# Probability generating function and binomial coefficients

I'm reading an article where the authors derive the mass function of a compound distribution by considering the generating function. The generating function of interest for a random variable $$N$$ is a composition of two generating functions $$G_Y(s)$$ and $$G_X(s)$$, where $$$$\tag{1} G_N(s)=G_Y(G_X(s))=e^{\lambda\left(\frac{(1-\rho)s}{1-\rho s}-1\right)}=e^{-\lambda} \sum_{m=0}^{\infty} \frac{1}{m !}\left(\lambda(1-\rho) s\right)^m\left(1-\rho s\right)^{-m}$$$$ They then state,

Now, expand the probability generating function of $$N$$ in (1) and then, collecting the coefficient of $$s^n$$, we find an explicit expression for the probability mass function of N as $$P(N=m)=e^{-\lambda} \sum_{i=0}^m \frac{1}{i !} {m-1\choose i-1}[\lambda(1-\rho)]^i \rho^{m-i}.$$

I don't see how this expression comes about from (1). I've tried using the negative binomial expansion identity of $$(1-\rho)^{-r}=\sum_{k=0}^{\infty} {{k+r-1} \choose k}\rho^k$$ to substitute into (1), but I'm not getting anywhere. Any thoughts on what "expand the probability generating function" means or how to recover this PMF?

• You are on the right track. The key is that the "$i$" in the result corresponds to "$m-k$" in the expansion you give.
– whuber
Aug 30, 2023 at 22:02
• The question has been posted on math.se before
– Ute
Aug 31, 2023 at 7:01
• I’m voting to close this question because this has already been asked and answered in Maths. Aug 31, 2023 at 14:14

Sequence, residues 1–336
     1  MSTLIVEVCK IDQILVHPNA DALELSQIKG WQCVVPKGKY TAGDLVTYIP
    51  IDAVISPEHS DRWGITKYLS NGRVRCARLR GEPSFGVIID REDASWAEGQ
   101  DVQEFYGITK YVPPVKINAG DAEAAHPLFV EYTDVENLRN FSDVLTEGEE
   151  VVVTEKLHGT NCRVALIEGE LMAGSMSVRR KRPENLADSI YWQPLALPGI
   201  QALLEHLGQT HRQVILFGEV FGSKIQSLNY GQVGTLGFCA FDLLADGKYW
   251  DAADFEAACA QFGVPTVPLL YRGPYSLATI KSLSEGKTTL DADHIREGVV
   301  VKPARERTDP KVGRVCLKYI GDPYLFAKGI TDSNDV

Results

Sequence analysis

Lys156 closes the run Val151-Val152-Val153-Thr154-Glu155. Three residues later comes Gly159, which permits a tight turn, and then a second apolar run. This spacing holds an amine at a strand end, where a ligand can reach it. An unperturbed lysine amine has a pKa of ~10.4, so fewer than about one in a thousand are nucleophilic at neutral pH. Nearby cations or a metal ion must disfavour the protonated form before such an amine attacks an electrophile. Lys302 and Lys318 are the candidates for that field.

Minor note: You have used the variable $$m$$ both as the index for your initial summation and also as the outcome for your random variable. This has the potential to cause confusion so I will use $$n$$ as the outcome of the random variable instead, and I will keep $$m$$ as the summation index. The result I get is what you want, but my $$n$$ is your $$m$$ and my $$m$$ is your $$i$$.

The probability generating function has the property that:

$$G_N(s) = \sum_n s^n \times \mathbb{P}(N=n).$$

Consequently, if you can rearrange the expression for $$G_N(s)$$ to state it in expanded polynomial form in $$s$$ then you get the probability values as the resulting coefficients of the polynomial. The negative binomial expansion here can be written as:

$$(1-\rho s)^{-m} = \sum_{k=0}^\infty {k+m-1 \choose k} \rho^k s^k,$$

and setting $$k=n-m$$ then gives the equivalent form:

$$(1-\rho s)^{-m} = \sum_{n=m}^\infty {n-1 \choose n-m} \rho^{n-m} s^{n-m} = \sum_{n=m}^\infty {n-1 \choose m-1} \rho^{n-m} s^{n-m}.$$

Using this identity you get:

\begin{align} G_N(s) &= e^{-\lambda} \sum_{m=0}^\infty \frac{1}{m!} (\lambda (1-\rho) s)^m (1-\rho s)^{-m} \\[6pt] &= e^{-\lambda} \sum_{m=0}^\infty \frac{1}{m!} (\lambda (1-\rho) s)^m \sum_{n=m}^\infty {m-1 \choose m-1} \rho^{n-m} s^{n-m} \\[6pt] &= e^{-\lambda} \sum_{m=0}^\infty \frac{1}{m!} (\lambda (1-\rho))^m \sum_{n=m}^\infty {m-1 \choose m-1} \rho^{n-m} s^n \\[6pt] &= \sum_{m=0}^\infty \sum_{n=m}^\infty e^{-\lambda} \frac{1}{m!} (\lambda (1-\rho))^m {n-1 \choose m-1} \rho^{n-m} s^{n} \\[6pt] &= \sum_{n=0}^\infty \sum_{m=0}^n e^{-\lambda} \frac{1}{m!} (\lambda (1-\rho))^m {n-1 \choose m-1} \rho^{n-m} s^{n} \\[6pt] &= \sum_{n=0}^\infty s^n \times \underbrace{e^{-\lambda} \sum_{m=0}^n \frac{1}{m!} {n-1 \choose m-1} (\lambda(1-\rho))^m \rho^{n-m}}_{\mathbb{P}(N=n)}. \\[6pt] \end{align}

Extracting the coefficients of this polynomial and setting these as the mass values gives the desired result.